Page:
Human babies and bat pups share eight characteristics of “baby talk.”
Bat Pups Babble Like Human Infants
Bat pups and human babies appear to be alike in using “baby talk” with adults in a process of learning how to vocalize.
Ahana Fernandez writes in the journal Science that Saccopteryx bilineata pups begin learning their species’ characteristic elaborate songs and calls at an early age with “babble.”
A former visiting scientist at the Smithsonian Tropical Research Institute (STRI) in Panama, Fernandez watched bats in their natural environment in Panama and Costa Rica to find that mothers of the species used “motherese” to address their offspring.
Parallels between baby S. bilineata bats and humans offer insights for understanding the evolution of human language. Language defines human nature, while speech as the vocalization of language requires learning to control tongue, lips and jaw. Control comes as human infants babble with their mothers, irrespective of culture and the language to be learned.
“During my first field season when I spent many hours sitting quietly in front of the animals observing them, I realized that mothers and pups interacted during the babbling practice of pups,” said Fernandez, a postdoctoral fellow at the Museum of Natural History in Berlin. “Especially, mothers were producing a particular call type during pup babbling.”
Her study shows that bat babble resembles baby talk among human infants. Both species use repetition of syllables and bouts of babbling with a regular beat (rhythmicity). In Fernandez’s paper, baby bats resemble baby humans by spending much of the day nursing or resting while attached to their mothers, and babbling. She first described bat babble in a 2020 study.
“While babbling, pups learn a part of the adult vocal repertoire through vocal imitation of adult tutors,” Fernandez said. “This makes pup babbling a very interesting behavior because it tells us when learning is taking place and offers great opportunities to study if and how different factors, for example the social environment, influence learning success.”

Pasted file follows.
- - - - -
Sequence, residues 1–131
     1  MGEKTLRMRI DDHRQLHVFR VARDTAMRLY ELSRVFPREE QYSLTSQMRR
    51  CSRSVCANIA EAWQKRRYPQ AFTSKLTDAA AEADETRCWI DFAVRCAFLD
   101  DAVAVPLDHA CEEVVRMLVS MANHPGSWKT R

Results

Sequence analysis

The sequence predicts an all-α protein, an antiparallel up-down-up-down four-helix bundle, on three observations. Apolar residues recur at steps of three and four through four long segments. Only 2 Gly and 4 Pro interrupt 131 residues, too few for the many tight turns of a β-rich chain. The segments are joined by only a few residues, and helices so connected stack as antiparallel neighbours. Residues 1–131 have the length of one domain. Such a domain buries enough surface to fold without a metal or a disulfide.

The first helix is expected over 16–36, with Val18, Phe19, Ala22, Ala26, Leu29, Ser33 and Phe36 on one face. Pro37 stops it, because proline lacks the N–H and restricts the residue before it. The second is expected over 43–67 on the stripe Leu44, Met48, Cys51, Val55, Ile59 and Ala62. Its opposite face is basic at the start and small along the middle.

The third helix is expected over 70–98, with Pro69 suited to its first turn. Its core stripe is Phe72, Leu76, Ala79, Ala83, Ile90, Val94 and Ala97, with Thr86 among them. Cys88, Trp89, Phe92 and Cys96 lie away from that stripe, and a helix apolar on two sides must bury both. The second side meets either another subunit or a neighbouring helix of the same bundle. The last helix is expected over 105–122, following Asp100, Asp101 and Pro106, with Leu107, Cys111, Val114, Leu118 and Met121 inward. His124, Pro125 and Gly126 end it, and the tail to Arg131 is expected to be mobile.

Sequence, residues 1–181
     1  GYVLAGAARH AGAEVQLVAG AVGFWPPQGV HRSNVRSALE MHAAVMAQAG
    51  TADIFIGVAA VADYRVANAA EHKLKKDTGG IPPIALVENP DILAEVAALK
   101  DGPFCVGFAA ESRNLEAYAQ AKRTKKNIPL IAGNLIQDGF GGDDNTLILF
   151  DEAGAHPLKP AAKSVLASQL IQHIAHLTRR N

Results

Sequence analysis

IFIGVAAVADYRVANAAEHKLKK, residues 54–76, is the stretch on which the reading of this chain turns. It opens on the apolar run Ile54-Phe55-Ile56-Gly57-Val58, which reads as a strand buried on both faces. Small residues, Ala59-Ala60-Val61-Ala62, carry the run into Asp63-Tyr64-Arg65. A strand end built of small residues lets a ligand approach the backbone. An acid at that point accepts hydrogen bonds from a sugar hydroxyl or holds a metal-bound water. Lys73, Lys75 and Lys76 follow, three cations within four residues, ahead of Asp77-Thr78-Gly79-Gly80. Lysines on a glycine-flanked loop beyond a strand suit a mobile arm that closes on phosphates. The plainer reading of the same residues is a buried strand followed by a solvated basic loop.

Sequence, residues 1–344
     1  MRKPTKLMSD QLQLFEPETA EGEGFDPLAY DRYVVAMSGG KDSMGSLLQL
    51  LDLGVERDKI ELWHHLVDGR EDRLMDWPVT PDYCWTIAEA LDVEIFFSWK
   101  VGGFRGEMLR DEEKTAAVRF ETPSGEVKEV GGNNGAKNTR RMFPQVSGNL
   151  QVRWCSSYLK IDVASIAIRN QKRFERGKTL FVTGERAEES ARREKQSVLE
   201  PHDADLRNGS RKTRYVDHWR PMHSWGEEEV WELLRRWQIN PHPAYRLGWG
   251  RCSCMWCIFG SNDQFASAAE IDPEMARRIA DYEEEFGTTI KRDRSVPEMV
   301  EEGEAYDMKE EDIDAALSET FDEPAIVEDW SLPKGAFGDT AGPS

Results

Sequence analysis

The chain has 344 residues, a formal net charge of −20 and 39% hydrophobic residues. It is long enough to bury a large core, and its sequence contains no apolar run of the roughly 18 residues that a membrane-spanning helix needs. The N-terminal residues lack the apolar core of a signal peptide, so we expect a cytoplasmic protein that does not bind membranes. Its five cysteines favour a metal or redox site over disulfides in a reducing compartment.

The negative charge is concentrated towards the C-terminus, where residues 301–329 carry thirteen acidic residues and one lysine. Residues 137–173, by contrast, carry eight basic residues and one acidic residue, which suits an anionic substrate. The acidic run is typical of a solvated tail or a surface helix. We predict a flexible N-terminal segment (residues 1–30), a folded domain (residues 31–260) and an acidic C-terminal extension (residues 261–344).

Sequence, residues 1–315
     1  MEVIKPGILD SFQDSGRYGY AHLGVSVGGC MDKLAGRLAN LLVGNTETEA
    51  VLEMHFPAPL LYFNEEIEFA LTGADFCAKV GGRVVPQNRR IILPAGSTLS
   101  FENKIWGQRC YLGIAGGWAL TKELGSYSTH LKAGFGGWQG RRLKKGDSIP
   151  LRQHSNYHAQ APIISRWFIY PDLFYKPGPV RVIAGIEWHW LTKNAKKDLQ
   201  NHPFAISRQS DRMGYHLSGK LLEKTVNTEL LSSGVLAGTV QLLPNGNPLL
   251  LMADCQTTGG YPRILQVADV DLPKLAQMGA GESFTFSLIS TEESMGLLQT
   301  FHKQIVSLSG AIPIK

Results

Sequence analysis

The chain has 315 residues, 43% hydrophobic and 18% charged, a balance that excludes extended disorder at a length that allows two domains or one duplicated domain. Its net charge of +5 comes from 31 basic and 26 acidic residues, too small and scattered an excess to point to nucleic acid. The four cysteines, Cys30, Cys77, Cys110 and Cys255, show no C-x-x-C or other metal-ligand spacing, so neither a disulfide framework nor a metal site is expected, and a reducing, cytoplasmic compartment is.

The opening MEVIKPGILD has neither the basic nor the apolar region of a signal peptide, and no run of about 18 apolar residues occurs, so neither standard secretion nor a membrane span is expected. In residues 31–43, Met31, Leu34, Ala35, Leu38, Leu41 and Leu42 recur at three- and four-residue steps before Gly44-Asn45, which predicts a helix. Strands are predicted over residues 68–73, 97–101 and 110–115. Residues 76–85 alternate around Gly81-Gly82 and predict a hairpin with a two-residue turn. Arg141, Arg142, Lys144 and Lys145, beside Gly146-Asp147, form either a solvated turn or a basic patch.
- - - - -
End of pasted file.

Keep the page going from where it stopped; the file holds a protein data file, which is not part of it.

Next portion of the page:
S. bilineata is the only mammal now known to babble and use vocal imitation. Babbling is rare and has been described previously in songbirds only.
Bat pup baby sounds are rhythmic and found in both males and females. In songbirds, only the young males babble.
By habituating day-roosting bats to human observers, Fernandez and other scientists observe their natural behavior for months and years in an undisturbed environment. Given that most labs work with captive animals or track wild animals automatically, this is an unusual approach.
“Our findings on shared babbling characteristics in bat pups and human infants would not have been possible without a deep understanding of our bats’ natural and social history for which long-term data is essential,” said Mirjam Knörnschild, head of the Behavioral Ecology and Bioacoustics Lab at the Museum of Natural History in Berlin, Germany, and a research associate of the STRI in Panama.
“It is fascinating to see these compelling parallels between the vocal practice behavior of two vocal learning mammals,” said Knörnschild. “Our study is contributing to the interdisciplinary field of biolinguistics, which focuses on the biological foundations of human language to study its evolution.”
Bat babble has the same eight features as human infant babbling.
“For example, pup babbling is characterized by reduplication of syllables, similar to the characteristic syllable repetition — /dadada/ — in human infant babbling” said Berlin colleague Lara Burchardt.
After birth, S. bilineata pups engage for about seven weeks in daily babbling. It is characterized by multisyllabic vocal sequences which include parts of adult repertoire.
“Pup babbling is a very conspicuous vocal behavior; it is audible at a considerable distance from the roost, and babbling bouts have a duration of up to 43 minutes,” said Martina Nagy of the Berlin lab, “and while babbling, pups learn the song of the adult males.”
Work on a vocal-learning, babbling bat species may ultimately provide another piece of the puzzle to better understand the evolutionary origin of human language.
Edited by Judith Isacoff and Kristen Butler